Wednesday, October 22, 2008

Testicular Tumours: Granulosa Cell Tumour : Adult-type Granulosa Cell Tumour

Granulosa cell tumour
This tumour is morphologically similar to the ovarian counterpart. It is exceedingly rare in the testis.
Granulosa cell tumours are divided into 2 types, adult and juvenile, and both types represent a distinct group of the sex cord–stromal tumours of the gonads.

I Adult Granulosa Cell Tumour:

Adult-type granulosa cell tumour is considered a very rare testicular tumour. The tumours are usually non functional and may be associated with gynecomastia.
Age: 20-50 years.
Gross features: The tumour mass is often partially encapsulated and come in direct contact with the tunica albuginea. The cut surface may be homogeneous, beige, firm, and fleshy. There is usually no evidence of necrosis or hemorrhage. In some cases there may be a small area of ossification. A central round nodule with a yellow surface and firm consistency may be present. The mass usually do not infiltrate the adjacent testicular tissue.
Microscopic features: Histologic examination from the tumour reveal a wide variety of patterns which included gyriform, macrofollicular, insular, trabecular, solid, pseudosarcomatous, and microfollicular. The microfollicular pattern is characterized by the presence of numerous cavities simulating Call-Exner bodies. These cavities contain eosinophilic fluid and sometimes hyalinized basement membrane material. The microfollicles are separated by well-differentiated granulosa cells that contained scant cytoplasm and pale, angular, or oval, often grooved nuclei arranged haphazardly in relation to one another and to the follicle. Rare theca cells may be seen scattered in between the neoplastic granulosa cells. Few mitotic figures are seen, but no abnormal forms are noted. Necrosis is usually not present. The yellow nodule consist of interlacing bundles of spindle cells with cigar-shaped nuclei that contain similar grooves (these are not as prominent as other areas) and eosinophilic cytoplasm. Mitotic figures in the spindle cell area are more prominent.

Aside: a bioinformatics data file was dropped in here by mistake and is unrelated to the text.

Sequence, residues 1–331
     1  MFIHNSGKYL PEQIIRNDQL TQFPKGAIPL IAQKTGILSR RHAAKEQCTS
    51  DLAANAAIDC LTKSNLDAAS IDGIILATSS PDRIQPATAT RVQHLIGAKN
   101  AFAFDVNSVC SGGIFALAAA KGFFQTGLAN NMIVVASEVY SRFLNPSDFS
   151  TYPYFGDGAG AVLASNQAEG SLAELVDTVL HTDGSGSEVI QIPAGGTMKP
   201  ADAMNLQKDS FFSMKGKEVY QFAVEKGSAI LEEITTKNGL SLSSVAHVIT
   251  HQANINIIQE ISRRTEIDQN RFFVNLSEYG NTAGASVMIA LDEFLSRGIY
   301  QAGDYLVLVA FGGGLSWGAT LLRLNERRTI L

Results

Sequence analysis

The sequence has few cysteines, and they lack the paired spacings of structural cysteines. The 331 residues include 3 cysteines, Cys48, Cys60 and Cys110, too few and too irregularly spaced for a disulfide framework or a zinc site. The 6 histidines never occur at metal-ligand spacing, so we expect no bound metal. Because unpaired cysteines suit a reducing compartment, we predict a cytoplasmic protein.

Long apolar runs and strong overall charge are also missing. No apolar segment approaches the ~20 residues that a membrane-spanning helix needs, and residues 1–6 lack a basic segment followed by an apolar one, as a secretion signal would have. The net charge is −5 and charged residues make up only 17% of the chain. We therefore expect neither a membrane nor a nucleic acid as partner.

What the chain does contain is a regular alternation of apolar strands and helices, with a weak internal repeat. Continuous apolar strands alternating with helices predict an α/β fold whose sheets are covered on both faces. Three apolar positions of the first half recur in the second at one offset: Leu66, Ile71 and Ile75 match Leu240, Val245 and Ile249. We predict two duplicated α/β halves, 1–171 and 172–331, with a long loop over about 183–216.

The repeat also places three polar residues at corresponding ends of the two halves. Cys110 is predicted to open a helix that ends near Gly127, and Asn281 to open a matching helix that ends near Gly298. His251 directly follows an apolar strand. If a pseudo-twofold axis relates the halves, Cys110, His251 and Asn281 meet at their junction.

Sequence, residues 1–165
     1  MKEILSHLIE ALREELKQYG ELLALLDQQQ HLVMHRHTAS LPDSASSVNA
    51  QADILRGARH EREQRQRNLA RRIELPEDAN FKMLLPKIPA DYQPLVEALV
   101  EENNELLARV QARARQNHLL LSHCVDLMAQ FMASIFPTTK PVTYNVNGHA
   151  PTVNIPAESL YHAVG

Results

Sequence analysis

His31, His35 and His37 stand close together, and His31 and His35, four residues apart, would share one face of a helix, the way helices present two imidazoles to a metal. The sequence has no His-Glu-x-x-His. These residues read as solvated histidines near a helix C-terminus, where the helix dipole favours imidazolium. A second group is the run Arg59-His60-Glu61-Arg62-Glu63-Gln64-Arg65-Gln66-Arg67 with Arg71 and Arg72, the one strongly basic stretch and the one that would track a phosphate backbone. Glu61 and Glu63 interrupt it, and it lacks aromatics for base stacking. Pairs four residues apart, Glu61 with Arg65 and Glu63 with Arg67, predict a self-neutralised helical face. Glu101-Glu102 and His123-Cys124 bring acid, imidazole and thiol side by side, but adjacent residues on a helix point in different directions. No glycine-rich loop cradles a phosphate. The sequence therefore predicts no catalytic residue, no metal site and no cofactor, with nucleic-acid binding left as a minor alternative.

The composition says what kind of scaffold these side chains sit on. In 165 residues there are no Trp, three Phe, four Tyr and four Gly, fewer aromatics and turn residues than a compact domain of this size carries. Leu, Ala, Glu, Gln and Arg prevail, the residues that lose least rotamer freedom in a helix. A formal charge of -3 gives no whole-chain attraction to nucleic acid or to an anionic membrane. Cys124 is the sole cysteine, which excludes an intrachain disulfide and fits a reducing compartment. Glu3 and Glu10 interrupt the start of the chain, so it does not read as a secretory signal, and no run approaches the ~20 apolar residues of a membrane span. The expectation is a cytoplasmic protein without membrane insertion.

It does have the potential to metastasize, even a long time after the initial presentation, and it is usually associated with a long survival period.
By immunophenotyping, membranous staining with MIC2 (O13) is helpful in differentiating this tumour from other gonadal tumours. Reactions for desmin, epithelial membrane antigen, S100 protein, and leukocyte common antigen are negative.

Anti-Müllerian hormone is a specific marker of sertoli- and granulosa-cell origin in gonadal tumors. Hum Pathol.2000 Oct;31(10):1202-8.
Sex cord stromal tumors are gonadal neoplasms containing Sertoli, granulosa, Leydig, or thecal cells, which originate from cells derived from either the sex cords (Sertoli and granulosa cell tumors) or the specific mesenchymal stroma (Leydig and thecal cell tumors) of the embryonic gonad. Only granulosa and Sertoli cells produce anti-Müllerian hormone (AMH). Our purpose was to investigate whether AMH can be used as a specific marker of human granulosa or Sertoli cell origin in gonadal tumors, to distinguish them from other primary or metastatic neoplasms, using immunohistochemistry. We studied 7 juvenile and 6 adult-type granulosa cell tumors of ovarian localization and 3 extraovarian metastases, 20 other ovarian tumors, 6 testicular Sertoli cell tumors, 2 gonadoblastomas, and 13 extragonadal tumors. Granulosa cell tumors, both juvenile- and adult-type of either ovarian or metastatic localization, showed an heterogeneous pattern of AMH immunoreactivity: Areas containing intensely or weakly AMH-positive cells were intermingled with AMH-negative areas. Although in most cases AMH-positive areas represented a minor proportion of tumor cells, we found a positive reaction in all the cases examined. In testes, although normal prepubertal Sertoli cells were intensely positive, testicular Sertoli cell tumors showed large areas of negative reaction, with few positive cells scattered throughout the tumor. AMH was also reactive in most of the cells of sex-cord origin in gonadoblastomas. No AMH immunoreaction was observed in other gonadal and extragonadal tumors. We conclude that AMH expression is conserved in only a small proportion of tumor cells of granulosa or Sertoli cell origin; however, a positive reaction in a few cells helps to distinguish between granulosa or Sertoli cell tumors or gonadoblastomas and other gonadal tumors of different origin.